The Level 6 Professional Engineering Biomedical Project module will in particular entail group and individual project work. The overall group project will be typically sourced from industry, and will require a number of individual projects to support a solution to the overall group project. Each individual project will entail a dissertation assessment. Each group will be led and managed by a Level 7 MEng student, providing peer and cross-fertilisation of learning. 

Level 7 students will be responsible to lead and manage integration of all the project solutions to provide an integrated system, and verifying and validation that the solutions are timely, cost effective and are the desired quality, in addition to meeting IS standards, current and anticipated future regulations and public policy, ethical considerations, patents, health and safety.

The difference in learning between MEng and BEng degrees in accordance to the accrediting engineering council, AHEP 3.0, is that:

  • On an MEng degree you will need to demonstrate leadership, management, tackling complex problems, innovation and critical analysis in the application of your knowledge and understanding of engineering.
  • On a BEng degree you will need to demonstrate critical analysis in the application of your knowledge and understanding of engineering.

Please note: progression from BEng to the MEng is an optional possibility at the end of Year 2 (Level 5) if you meet the Integrated Master’s Framework criteria for progression to the Integrated Masters programme.

In addition, MEng Biomedical Engineering students, need to meet Integrated Master’s Framework criteria for continued progression on an Integrated Masters in order to remain on the MEng after Level 5 (Year 2)

We are working towards professional accreditation of our engineering courses. Accredited courses are delivered to a UK recognised standard. We are consulting the accrediting bodies, such as IChemE, BCS, IMechE, in designing our courses. This is to keep us on track for accreditation. We hope to receive accreditation by 2022. If we receive accreditation, it will apply to these courses. At present these courses do not have professional accreditation.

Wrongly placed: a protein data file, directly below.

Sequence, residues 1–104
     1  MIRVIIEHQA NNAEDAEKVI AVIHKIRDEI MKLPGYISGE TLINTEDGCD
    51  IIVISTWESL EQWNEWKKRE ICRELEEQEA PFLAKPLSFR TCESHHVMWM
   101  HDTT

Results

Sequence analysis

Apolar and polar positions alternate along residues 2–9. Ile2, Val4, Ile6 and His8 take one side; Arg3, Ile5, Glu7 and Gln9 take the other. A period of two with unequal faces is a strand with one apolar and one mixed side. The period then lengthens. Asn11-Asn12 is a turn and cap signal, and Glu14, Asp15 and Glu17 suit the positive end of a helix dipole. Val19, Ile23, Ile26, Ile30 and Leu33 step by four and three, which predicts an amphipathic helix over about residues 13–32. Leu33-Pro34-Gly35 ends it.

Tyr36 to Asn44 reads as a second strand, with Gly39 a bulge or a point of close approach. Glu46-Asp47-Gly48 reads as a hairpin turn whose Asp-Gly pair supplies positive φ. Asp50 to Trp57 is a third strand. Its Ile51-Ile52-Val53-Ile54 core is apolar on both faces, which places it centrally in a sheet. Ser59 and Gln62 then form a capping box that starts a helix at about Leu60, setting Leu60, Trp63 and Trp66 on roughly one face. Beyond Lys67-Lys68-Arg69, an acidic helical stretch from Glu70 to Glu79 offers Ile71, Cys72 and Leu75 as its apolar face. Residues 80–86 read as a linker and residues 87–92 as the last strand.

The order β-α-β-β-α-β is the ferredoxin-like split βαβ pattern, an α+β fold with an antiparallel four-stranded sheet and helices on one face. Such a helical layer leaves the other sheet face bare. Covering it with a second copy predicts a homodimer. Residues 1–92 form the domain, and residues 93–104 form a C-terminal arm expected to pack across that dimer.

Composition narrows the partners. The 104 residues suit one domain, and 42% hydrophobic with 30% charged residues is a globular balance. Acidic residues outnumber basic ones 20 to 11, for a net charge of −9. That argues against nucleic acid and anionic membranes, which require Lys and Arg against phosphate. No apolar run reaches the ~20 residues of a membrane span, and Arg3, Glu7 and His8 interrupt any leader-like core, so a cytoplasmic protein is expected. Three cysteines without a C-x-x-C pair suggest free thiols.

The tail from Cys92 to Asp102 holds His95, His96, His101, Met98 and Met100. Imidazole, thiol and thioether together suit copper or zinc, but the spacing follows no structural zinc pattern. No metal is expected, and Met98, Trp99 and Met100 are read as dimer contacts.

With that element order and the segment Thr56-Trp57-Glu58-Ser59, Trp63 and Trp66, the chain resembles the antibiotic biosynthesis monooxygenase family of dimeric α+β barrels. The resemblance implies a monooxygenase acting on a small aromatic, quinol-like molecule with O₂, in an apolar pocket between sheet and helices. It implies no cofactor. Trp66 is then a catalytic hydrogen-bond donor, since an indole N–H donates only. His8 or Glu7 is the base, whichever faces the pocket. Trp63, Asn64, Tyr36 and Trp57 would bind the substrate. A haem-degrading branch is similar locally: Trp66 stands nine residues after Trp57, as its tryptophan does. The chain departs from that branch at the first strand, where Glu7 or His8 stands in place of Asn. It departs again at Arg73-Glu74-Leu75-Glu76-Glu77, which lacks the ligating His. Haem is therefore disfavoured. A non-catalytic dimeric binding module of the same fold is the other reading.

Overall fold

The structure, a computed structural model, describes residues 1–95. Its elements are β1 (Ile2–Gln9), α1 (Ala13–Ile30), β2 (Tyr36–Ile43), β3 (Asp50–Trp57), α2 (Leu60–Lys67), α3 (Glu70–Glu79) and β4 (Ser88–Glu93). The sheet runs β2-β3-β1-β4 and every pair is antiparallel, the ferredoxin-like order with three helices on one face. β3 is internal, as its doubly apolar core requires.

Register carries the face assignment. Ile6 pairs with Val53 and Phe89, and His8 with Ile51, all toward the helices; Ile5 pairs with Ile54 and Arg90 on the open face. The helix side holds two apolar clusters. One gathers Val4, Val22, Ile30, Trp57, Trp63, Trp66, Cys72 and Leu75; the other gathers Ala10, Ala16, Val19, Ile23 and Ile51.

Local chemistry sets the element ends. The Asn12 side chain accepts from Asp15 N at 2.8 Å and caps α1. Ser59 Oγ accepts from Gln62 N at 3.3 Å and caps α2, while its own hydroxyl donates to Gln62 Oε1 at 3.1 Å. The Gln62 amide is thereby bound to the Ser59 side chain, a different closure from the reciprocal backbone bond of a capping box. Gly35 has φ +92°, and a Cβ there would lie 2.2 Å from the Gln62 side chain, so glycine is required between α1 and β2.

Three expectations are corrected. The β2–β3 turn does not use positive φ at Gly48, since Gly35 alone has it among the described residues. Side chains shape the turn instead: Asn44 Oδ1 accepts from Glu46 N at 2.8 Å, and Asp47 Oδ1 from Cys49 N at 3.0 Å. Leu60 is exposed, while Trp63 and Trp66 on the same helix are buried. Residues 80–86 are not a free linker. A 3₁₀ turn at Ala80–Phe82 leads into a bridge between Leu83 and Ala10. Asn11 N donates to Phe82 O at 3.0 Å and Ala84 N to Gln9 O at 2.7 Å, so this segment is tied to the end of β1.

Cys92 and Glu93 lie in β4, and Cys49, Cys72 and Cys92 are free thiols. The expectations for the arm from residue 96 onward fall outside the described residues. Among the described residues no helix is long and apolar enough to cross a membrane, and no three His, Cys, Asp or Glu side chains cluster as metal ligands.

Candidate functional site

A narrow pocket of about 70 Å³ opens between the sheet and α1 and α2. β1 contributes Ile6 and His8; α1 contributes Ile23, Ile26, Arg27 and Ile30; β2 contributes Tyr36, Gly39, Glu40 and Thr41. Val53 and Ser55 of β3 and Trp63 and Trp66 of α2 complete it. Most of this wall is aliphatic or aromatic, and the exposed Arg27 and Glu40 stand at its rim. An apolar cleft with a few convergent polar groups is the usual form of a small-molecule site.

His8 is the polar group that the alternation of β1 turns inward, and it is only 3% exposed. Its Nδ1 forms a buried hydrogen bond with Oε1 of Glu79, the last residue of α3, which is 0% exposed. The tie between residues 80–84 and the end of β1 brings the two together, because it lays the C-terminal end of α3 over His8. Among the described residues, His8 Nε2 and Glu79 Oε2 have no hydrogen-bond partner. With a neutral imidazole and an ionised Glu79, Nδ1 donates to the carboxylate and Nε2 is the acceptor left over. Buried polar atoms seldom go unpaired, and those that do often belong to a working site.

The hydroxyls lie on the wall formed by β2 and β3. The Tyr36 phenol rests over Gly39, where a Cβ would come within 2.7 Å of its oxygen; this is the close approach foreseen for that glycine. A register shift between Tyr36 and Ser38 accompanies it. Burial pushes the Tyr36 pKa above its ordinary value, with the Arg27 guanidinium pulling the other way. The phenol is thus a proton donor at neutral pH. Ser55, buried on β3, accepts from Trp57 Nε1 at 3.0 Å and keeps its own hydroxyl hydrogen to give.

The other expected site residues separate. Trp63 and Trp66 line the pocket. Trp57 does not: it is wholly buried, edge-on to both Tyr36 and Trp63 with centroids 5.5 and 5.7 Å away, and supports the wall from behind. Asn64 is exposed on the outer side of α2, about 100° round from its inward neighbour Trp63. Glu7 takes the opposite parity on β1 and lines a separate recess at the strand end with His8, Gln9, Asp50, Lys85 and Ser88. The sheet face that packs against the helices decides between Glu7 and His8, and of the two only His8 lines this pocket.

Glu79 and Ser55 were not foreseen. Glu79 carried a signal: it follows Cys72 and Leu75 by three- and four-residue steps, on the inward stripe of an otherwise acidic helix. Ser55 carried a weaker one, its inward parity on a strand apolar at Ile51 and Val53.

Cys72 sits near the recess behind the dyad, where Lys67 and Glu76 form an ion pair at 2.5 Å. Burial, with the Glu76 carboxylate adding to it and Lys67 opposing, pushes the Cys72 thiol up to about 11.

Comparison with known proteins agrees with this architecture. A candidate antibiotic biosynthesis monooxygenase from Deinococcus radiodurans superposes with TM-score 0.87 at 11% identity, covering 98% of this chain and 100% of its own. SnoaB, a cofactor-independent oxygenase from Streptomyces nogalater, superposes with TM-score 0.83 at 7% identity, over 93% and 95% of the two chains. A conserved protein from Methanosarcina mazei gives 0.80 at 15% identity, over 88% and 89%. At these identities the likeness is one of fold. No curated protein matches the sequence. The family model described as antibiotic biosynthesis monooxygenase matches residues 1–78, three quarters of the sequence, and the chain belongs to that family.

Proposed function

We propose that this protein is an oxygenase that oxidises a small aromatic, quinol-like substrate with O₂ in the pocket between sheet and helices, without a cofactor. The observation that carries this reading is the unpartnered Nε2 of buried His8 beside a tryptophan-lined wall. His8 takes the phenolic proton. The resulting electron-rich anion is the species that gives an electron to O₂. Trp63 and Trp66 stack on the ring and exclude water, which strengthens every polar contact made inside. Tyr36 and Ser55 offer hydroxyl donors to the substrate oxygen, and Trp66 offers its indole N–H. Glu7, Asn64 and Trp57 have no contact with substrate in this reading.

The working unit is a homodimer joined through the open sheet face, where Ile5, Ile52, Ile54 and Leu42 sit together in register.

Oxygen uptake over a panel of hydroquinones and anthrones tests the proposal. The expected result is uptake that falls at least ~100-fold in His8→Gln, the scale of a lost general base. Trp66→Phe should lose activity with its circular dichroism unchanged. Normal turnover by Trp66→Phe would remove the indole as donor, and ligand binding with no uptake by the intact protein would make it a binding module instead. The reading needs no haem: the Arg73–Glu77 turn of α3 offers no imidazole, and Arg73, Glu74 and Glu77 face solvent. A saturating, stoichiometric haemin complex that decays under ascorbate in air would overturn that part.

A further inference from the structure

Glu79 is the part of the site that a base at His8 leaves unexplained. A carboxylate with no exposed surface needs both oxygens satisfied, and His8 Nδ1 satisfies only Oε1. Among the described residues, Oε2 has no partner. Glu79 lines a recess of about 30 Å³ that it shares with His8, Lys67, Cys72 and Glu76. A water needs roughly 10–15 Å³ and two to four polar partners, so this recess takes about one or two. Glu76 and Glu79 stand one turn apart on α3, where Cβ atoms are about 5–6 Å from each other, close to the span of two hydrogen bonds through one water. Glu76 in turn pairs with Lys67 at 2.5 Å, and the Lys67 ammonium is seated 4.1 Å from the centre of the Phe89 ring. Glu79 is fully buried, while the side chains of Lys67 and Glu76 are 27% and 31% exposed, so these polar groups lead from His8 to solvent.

In 2020, we will open a major new facility for science, engineering, health and medicine, part of our £150m vision to transform our Canterbury Campus. The new building will be the main base for our Kent and Medway Engineering, Design, Growth and Enterprise (EDGE) Hub, with specialist centres across the region located alongside Engineering and Technology businesses.

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Our main campus in Canterbury has city centre facilities on its doorstep and, of course, you will benefit from all the new building has to offer.

Our courses have been co-designed with engineering professionals in the allied health industry from a biotechnology innovation company to neonatal biomedical engineering manufacturer.

This helps to ensure that our Biomedical Engineering graduates meet employer needs and expectations in terms of the technical and employability skills relevant for these industries.

The final industry co-designed course makes our biomedical engineering degree learning unique and supports the development of our engineering graduates to be “Industry-ready” upon graduation.

UK/EU

Full-time study

Apply via UCAS

Part-time study

Apply directly to us

International

Full-time study

Need some help?

UK

For advice on completing your application please contact the Admissions Enquiry Team:

Email: admissions@canterbury.ac.uk
Tel:+44 (0)1227 782900

EU/International

Contact our International Team

Fact file

UCAS course code

  • H105 MEng Biomedical Engineering
  • H104 BEng Biomedical Engineering

UCAS institution code

  • C10

Length

  • MEng 4 years full-time (or 5 years with industry placement)

    BEng 3 years full-time (or 4 years with industry placement)

Starts

  • September 2020

Entry requirements

Location

School

Last edited 16/10/2019 11:48:00

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Last edited: 16/10/2019 11:48:00